The James Cook University Hospital has been named as an international flagship site for a specialist heart procedure which replaces narrowed heart valves without the need for open heart surgery. TAVI (transcatheter aortic valve implantation) is a minimally invasive heart valve replacement procedure that provides an alternative to open heart surgery for higher risk patients. The Middlesbrough team is one of only two in the country – and one of only a handful in Europe – to be awarded Benchmark status by the Centre for Heart Valve Innovation in Vancouver.
News tagged Cardio
A UK team, led by consultants from the heart and lung surgery team at The James Cook University Hospital, gave up their holidays to take part in a life-saving mission to Ghana. Surgeons, cardiologists, intensive care practitioners, anaesthetists and a heart bypass technician were among those who spent a week at the Komfo Anokye Teaching Hospital from 23 February to 1 March.
The cardiac rhythm management service at the Friarage Hospital has been named Team of the Year at the Arrhythmia Alliance Excellence in Practice Awards. Presented at the annual four day Heart Rhythm Congress in Birmingham, the award recognises the service developments that have taken place within cardiac rhythm management at the Friarage over the last five years.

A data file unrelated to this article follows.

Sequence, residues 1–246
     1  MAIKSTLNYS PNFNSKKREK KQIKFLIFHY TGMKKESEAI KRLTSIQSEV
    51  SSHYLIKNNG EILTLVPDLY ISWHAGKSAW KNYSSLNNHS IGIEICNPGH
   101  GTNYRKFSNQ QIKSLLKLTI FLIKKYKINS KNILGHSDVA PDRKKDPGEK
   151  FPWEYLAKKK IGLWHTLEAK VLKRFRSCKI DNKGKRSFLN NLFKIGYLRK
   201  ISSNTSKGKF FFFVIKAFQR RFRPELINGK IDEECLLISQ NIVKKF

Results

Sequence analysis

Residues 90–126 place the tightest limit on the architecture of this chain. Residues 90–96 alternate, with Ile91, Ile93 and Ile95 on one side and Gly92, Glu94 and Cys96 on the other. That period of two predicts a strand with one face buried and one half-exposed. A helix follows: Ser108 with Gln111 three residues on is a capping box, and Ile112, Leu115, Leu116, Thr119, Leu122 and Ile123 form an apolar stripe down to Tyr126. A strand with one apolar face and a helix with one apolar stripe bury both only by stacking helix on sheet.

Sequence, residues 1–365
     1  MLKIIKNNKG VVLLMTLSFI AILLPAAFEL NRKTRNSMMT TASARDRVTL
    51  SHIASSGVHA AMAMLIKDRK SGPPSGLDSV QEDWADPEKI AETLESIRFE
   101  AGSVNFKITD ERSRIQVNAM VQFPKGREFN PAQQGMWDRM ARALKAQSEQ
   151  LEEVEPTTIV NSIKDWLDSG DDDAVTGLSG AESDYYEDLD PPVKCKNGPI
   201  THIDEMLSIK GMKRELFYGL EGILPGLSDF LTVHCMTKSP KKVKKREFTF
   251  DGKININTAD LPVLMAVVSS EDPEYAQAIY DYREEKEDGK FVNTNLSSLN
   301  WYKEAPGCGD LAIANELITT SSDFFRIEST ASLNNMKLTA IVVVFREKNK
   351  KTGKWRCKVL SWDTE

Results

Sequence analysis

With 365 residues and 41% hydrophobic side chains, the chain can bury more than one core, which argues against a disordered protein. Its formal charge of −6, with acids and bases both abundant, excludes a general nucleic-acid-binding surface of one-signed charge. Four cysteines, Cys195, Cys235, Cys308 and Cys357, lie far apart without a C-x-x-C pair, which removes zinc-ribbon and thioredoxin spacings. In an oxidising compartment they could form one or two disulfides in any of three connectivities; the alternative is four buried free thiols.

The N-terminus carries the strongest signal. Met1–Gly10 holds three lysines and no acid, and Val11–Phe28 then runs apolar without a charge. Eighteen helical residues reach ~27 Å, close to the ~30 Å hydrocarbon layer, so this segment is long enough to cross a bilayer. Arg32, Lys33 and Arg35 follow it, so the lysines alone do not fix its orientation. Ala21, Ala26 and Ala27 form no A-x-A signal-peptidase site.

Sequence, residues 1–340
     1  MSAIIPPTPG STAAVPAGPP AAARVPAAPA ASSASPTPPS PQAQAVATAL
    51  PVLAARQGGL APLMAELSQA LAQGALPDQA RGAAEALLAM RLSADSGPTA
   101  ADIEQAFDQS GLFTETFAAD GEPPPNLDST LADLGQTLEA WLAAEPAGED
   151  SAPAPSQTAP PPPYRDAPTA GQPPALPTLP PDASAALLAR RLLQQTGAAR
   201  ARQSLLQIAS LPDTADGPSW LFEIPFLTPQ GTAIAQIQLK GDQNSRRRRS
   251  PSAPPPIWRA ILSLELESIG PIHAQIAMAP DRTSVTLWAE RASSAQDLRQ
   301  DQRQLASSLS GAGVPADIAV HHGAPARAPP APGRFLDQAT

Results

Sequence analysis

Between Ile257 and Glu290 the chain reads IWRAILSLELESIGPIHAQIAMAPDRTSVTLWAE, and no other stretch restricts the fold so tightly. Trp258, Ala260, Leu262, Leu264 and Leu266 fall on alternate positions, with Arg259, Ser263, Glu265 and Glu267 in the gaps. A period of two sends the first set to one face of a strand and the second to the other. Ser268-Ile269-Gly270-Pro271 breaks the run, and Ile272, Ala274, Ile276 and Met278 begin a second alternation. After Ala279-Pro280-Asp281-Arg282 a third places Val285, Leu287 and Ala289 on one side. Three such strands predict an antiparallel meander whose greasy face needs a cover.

The heart unit at South Tees Hospitals NHS Foundation Trust is celebrating reaching a special milestone after implanting its 10,000th pacemaker. The heart team at James Cook fitted their first pacemaker back in 1993 and now implant around 800 of the devices every year in the hospital’s cardiac catheterisation labs.
Twelve volunteers from cardiac surgery teams on Teesside are set to fly out to Ghana to perform a series of life-saving heart operations. Their mission has received overwhelming support from colleagues at South Tees Hospitals NHS Foundation Trust and North Tees and Hartlepool NHS Foundation Trust – even those who are not going on the trip are gearing up to help raise £30,000 to fund equipment and medical supplies.
Patients who suffer from blackouts can often find themselves facing numerous medical appointments and tests to find the exact cause of the problem. But those attending the Friarage Hospital are set to be diagnosed faster in the future thanks to the introduction of a blackout service which will enable people to be assessed by a range of specialists in one place.